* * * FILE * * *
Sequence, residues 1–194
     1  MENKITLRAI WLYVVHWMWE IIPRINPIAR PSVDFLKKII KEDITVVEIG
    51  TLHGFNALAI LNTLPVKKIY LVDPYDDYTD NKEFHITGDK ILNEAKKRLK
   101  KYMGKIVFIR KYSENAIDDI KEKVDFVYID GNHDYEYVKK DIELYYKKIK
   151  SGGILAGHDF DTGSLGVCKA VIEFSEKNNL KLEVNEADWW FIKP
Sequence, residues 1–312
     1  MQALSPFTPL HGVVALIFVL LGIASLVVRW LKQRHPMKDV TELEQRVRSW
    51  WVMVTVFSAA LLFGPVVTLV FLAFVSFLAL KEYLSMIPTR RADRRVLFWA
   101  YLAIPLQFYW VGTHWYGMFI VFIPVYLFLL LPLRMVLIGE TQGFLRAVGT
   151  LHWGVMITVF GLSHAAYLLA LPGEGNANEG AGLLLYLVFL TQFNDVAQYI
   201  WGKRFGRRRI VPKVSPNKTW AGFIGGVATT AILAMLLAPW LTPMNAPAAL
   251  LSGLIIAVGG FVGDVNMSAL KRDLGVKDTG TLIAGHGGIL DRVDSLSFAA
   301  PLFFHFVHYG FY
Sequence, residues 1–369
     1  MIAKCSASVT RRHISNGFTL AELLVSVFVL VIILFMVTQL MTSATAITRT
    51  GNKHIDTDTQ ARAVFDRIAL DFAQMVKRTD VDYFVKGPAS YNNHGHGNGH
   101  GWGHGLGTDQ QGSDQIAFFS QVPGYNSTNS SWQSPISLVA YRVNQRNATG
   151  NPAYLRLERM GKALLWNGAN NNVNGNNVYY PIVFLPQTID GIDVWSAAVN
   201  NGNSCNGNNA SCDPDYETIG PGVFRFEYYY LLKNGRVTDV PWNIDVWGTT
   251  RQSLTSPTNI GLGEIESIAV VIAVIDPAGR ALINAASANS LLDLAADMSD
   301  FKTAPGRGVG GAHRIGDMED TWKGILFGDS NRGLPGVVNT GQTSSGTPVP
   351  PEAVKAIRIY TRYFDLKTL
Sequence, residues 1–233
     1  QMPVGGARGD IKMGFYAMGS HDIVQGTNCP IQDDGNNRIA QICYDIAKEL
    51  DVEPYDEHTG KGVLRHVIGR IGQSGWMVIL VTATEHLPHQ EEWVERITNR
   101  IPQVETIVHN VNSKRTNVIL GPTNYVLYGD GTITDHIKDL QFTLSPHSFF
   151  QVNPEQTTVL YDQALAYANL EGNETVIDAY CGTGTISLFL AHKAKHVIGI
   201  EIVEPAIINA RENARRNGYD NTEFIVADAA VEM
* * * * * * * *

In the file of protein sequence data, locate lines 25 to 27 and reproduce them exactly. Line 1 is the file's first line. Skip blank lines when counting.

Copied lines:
    51  DVEPYDEHTG KGVLRHVIGR IGQSGWMVIL VTATEHLPHQ EEWVERITNR
   101  IPQVETIVHN VNSKRTNVIL GPTNYVLYGD GTITDHIKDL QFTLSPHSFF
   151  QVNPEQTTVL YDQALAYANL EGNETVIDAY CGTGTISLFL AHKAKHVIGI